Written by Sarah Doelger
2 March 2018
The NASA Jet Propulsion Laboratory (JPL) operates a global network of over 60 permanent GNSS stations called the Global Geodetic Network (GGN). UNAVCO offers support to the GGN by providing data flow monitoring, troubleshooting, station installation and maintenance, and engineering services to help improve the capabilities and performance of station infrastructure.
In March of 2017, UNAVCO personnel traveled to Cachoeira Paulista, Brazil to help retrofit station CHPI with new meteorological, GNSS, and communications equipment.
GGN Station CHPI was installed in 2003 and contributes data to users around the world, including the International GNSS Service (IGS). Station operation is made possible thanks to the collaborative efforts of individuals at the Brazilian National Institute for Space Research (INPE), which hosts the GNSS equipment. The recent updates bring CHPI into the GNSS era.
Station CHPI is situated outside the town of Cachoeira Paulista in a rural research preserve belonging to INPE. The station communicates with the nearest available network hub a half mile away via a pair of wireless radios. Prior to the recent field work, the older radios were no longer able to provide adequate bandwidth for the transfer of high rate GNSS data streams and files from the station’s GNSS receiver. The new radio system now allows for higher throughput, provides a more robust network connection, and allows UNAVCO engineers to actively monitor the quality of the radio link.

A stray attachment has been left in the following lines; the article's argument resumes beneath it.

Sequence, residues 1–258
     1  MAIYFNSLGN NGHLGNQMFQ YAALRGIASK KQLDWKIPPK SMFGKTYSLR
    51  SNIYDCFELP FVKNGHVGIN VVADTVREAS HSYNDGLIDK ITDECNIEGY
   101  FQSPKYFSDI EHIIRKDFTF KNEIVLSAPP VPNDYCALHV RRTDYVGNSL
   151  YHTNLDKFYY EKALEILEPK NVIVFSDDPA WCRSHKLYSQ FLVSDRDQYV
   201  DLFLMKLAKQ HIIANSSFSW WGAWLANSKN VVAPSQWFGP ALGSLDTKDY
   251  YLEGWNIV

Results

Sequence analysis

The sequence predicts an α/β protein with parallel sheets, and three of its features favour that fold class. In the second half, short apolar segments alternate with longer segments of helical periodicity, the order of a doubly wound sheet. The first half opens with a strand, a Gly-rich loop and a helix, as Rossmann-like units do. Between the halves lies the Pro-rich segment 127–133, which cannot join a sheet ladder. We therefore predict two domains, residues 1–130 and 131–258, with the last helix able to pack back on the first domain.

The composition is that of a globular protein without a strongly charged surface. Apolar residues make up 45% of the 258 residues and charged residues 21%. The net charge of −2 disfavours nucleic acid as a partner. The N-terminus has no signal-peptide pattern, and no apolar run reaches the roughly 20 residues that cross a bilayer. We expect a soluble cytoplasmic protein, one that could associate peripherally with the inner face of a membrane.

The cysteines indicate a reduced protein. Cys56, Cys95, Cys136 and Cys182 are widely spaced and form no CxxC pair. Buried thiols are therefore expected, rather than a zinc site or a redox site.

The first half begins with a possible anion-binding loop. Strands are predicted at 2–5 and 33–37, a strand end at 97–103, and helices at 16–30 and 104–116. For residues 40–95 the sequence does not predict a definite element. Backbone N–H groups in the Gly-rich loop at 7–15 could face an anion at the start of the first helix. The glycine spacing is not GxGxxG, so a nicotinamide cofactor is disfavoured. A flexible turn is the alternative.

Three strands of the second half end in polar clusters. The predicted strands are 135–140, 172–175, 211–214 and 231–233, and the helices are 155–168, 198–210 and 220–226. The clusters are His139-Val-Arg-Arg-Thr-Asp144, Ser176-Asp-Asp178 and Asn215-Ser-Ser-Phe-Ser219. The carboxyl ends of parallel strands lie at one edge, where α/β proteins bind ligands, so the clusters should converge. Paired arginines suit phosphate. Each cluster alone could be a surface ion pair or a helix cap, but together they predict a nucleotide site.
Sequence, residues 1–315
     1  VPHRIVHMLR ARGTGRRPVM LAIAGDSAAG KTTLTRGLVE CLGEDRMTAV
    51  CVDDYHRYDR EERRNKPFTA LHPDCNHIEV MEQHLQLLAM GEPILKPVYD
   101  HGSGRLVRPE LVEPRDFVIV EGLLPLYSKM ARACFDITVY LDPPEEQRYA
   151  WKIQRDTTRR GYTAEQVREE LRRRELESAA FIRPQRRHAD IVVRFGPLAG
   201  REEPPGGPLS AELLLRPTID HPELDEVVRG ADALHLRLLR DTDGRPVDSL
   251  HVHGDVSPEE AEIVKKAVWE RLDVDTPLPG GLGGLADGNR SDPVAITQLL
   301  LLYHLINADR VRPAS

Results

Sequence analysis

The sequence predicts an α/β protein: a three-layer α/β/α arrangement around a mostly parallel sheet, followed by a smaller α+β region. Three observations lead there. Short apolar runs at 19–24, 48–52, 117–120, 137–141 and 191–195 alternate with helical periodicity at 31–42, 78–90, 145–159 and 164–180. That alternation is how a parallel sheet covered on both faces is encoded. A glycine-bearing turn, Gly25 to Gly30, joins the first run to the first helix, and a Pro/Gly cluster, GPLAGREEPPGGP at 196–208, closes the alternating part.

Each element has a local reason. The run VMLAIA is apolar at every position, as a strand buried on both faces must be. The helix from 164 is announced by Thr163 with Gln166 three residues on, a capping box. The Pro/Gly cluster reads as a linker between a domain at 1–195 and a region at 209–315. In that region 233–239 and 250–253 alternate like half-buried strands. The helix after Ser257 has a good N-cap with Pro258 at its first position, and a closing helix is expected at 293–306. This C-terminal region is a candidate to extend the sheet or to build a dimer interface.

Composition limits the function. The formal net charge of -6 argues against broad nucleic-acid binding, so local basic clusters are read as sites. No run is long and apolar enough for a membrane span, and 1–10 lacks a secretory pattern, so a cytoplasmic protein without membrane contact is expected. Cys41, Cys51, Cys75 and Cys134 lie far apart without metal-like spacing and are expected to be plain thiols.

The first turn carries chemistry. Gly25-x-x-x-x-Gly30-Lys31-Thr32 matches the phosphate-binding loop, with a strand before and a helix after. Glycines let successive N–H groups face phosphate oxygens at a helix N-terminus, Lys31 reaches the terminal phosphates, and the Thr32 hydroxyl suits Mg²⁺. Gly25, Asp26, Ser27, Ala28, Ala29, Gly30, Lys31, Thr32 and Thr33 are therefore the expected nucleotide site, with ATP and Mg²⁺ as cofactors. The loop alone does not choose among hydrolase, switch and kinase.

Additionally, the GNSS receiver at the station was replaced with a newer model that tracks all modern GNSS signals. The receiver also has an on-board ntrip server that allows for streaming of RTCM-formatted real time data directly to any specified caster. Although not currently established, a local ntrip caster may become available at INPE that will stream RTCM real time data sourced from the receiver at CHPI. RTCM 3 is the current IGS standard for real time data.
The pre-existing meteorological device at the station was also replaced with a new unit. After a few years of use, the device’s sensors require recalibration, particularly the barometer. The unit that was removed from the site will be re-calibrated at the manufacturer, and deployed back into the network at a later date.
As GNSS signals travel to the earth’s surface, effects from the troposphere show up as delays in travel time from the satellites to the receivers. Having accurate local pressure and temperature at a GNSS station allows the IGS analysis centers to quantify these delays and publish them, on a site-by-site basis, for the geodetic community.
A common hurdle with field work in many foreign countries is the high cost of duties and taxes on expensive scientific equipment imported from the U.S. UNAVCO relies on customs exemptions that are sometimes allowed in certain countries when working with national institutions, such as INPE.
The new CHPI GNSS receiver alone would have cost thousands of dollars to import to Brazil, were it not for the assistance of the logistics department at INPE, who arranged for all of the new equipment to be shipped duty-free. Although providing a tremendous cost savings to the project, the process for such an importation required that the CHPI equipment be shipped months in advance of the field trip to allow for clearance of the goods.
Last modified: 2020-01-28 22:54:38 America/Denver